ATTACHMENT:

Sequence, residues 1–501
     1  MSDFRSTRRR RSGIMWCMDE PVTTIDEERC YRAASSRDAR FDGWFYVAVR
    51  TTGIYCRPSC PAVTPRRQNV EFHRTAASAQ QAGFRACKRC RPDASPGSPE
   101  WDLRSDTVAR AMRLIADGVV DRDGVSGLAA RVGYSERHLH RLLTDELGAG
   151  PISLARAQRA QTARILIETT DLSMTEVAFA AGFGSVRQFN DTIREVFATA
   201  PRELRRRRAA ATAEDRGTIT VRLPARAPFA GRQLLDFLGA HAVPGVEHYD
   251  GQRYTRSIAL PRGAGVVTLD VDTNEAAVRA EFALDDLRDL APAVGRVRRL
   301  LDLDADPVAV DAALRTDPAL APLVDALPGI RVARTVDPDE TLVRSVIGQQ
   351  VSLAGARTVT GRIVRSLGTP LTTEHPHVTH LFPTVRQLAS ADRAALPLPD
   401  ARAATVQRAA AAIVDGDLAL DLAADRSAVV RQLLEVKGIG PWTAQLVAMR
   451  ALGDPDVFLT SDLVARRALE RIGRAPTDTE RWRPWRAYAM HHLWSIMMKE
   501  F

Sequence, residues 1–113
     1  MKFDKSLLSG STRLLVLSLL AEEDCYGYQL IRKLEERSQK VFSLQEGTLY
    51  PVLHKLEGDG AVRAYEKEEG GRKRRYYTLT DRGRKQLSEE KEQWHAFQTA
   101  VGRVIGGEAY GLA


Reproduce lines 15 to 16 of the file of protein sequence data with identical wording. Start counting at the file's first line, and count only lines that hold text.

    51  PVLHKLEGDG AVRAYEKEEG GRKRRYYTLT DRGRKQLSEE KEQWHAFQTA
   101  VGRVIGGEAY GLA